National People Congress (NPC) Standing Committee Vice Secretary-General Qiao Xiaoyang said Thursday that “it cannot regulate the election of all members of the Macau Legislative Assembly [AL] through universal suffrage” regardless of how the method of electing the legislature in amended.
Qiao also said that the Macau Basic Law states that the majority of the members of the AL must be elected. He said that this was requested by the Portuguese government in the Sino-Portuguese Joint Declaration on the Question of Macau in 1987, adding that this was a consensus reached between the governments of China and Portugal at that time – because of which “universal suffrage” was never a choice enshrined the Macau Basic Law – unlike in its Hong Kong counterpart.
According to The Macau Post Daily, Qiao made the remarks in a speech during a two-hour seminar in the Macau Dome in Cotai about the city’s political development organised by the local government and the Liaison Office of the Central People’s Government in Macau.
Qiao gave his speech after listening to the opinions of six local civic leaders about the city’s development during the seminar.
One of the six was grassroots lawmaker Au Kam San, whose New Macau Association is calling for a “democratic” political system.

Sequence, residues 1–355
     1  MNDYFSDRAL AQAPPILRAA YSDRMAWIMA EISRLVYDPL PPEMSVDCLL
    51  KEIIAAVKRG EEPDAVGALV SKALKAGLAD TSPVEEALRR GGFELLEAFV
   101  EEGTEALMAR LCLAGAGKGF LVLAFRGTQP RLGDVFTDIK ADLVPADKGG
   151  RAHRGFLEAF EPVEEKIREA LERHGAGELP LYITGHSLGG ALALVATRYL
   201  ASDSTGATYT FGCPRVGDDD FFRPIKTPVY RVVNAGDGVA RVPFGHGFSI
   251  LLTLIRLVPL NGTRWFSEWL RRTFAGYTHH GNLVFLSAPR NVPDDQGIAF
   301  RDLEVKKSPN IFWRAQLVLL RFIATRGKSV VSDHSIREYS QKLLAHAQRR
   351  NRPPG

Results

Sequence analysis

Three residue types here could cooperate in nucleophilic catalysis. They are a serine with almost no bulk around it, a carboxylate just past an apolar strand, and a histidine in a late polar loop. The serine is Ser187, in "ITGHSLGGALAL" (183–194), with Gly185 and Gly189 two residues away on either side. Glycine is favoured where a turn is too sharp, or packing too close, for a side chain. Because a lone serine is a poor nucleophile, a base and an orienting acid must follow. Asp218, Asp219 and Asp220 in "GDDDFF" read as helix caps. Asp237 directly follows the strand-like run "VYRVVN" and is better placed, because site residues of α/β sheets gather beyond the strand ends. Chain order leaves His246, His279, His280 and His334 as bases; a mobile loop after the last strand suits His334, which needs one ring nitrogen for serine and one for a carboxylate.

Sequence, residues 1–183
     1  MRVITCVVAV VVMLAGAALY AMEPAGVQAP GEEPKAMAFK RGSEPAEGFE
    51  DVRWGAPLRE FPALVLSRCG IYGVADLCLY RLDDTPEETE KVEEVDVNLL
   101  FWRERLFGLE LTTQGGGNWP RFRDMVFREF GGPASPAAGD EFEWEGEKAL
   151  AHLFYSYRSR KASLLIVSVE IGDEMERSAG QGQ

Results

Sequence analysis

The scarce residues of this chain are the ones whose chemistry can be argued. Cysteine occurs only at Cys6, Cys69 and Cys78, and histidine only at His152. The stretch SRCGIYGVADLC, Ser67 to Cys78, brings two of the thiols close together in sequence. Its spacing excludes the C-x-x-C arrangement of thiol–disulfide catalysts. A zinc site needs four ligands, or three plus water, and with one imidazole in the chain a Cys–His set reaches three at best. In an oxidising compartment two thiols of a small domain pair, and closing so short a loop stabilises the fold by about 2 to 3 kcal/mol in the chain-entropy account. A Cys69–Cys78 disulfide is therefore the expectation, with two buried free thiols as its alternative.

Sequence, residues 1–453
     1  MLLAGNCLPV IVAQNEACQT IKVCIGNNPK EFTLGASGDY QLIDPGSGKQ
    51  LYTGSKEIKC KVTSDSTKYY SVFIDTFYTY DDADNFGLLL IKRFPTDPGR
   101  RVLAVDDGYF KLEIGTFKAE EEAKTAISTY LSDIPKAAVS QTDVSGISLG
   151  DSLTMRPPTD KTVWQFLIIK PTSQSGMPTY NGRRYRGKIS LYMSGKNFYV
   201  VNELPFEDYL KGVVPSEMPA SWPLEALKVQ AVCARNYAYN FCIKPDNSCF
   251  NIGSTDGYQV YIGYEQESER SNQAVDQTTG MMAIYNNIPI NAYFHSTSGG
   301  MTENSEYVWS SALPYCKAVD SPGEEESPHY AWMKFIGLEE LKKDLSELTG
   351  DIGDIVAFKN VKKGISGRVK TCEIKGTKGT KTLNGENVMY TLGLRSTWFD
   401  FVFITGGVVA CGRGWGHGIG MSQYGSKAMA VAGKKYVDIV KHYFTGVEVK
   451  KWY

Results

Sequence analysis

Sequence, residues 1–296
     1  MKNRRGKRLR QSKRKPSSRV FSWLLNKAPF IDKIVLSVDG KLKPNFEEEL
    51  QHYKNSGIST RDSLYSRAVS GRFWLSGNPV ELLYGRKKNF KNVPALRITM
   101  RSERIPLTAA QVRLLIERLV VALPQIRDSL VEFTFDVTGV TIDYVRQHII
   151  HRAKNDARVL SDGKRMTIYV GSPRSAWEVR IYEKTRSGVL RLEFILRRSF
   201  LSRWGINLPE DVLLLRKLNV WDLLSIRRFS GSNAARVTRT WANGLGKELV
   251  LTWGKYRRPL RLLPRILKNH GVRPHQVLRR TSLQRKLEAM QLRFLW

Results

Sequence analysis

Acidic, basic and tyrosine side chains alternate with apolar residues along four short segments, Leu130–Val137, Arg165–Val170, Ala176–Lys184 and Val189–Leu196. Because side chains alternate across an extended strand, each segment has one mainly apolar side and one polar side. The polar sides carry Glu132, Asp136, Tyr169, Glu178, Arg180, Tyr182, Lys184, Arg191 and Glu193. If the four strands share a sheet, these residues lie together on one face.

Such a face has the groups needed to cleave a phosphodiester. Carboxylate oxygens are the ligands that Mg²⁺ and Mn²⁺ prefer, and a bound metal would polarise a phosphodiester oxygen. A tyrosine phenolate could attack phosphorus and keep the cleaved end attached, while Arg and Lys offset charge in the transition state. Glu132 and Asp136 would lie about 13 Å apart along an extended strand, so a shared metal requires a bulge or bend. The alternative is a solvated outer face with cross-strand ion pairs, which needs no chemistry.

Qiao was quick to add there had been a discussion on whether the goal of universal suffrage should have been set for electing the chief executive during the drafting of the Macau Basic Law.
“There was an opinion [during the drafting of the Macau Basic Law] that universal suffrage for the chief executive had to be based on the real situation of [local] society, with the Basic Law stating that the chief executive will be selected by election or through consultations[held locally],” Qiao said, adding that “it does not bar Macau from choosing universal suffrage for electing its chief executive.”
He stressed that Macau was different to Hong Kong, with the Hong Kong Basic Law stating the ultimate goal in universal suffrage both for electing all members of the Legislative Council (LegCo) and the chief executive.
“This is absolutely not negligent [when the Macau Basic Law was drafted] but a consensus of society at that time [during the drafting of Macau Basic Law] that the methods stated in the Macau Basic Law for the election of the chief executive by an electoral committee and the formation of the legislature by directly and indirectly elected and officially appointed members should be implemented for a long period,” Qiao said.
Qiao also pointed out that any articles in the Macau Basic Law can be amended, but they “only can be amended appropriately, based on the real situation of Macau society at the respective time”.
He insisted there was no timetable to propose universal suffrage for the chief executive election as that would be beyond the law.
Addressing yesterday’s seminar, Au said in his speech that Macau should move forward to universal suffrage for the chief executive election, based on the principle of one-person, one-vote.
Au also said that more than half the lawmakers in the legislature should be elected directly in next year’s election.(macaunews)